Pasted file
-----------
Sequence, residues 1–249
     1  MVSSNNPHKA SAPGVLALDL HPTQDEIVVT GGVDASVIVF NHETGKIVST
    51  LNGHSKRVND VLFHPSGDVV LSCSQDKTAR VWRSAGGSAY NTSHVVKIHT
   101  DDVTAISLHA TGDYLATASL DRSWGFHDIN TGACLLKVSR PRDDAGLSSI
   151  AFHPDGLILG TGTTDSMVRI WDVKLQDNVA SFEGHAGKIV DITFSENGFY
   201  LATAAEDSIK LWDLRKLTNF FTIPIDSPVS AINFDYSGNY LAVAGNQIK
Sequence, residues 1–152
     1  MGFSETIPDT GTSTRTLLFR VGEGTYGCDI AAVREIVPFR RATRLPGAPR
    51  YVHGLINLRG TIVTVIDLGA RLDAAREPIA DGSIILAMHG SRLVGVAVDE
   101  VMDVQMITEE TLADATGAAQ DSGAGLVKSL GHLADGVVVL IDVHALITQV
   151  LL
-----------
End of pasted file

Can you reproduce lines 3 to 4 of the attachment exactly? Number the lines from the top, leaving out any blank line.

    51  LNGHSKRVND VLFHPSGDVV LSCSQDKTAR VWRSAGGSAY NTSHVVKIHT
   101  DDVTAISLHA TGDYLATASL DRSWGFHDIN TGACLLKVSR PRDDAGLSSI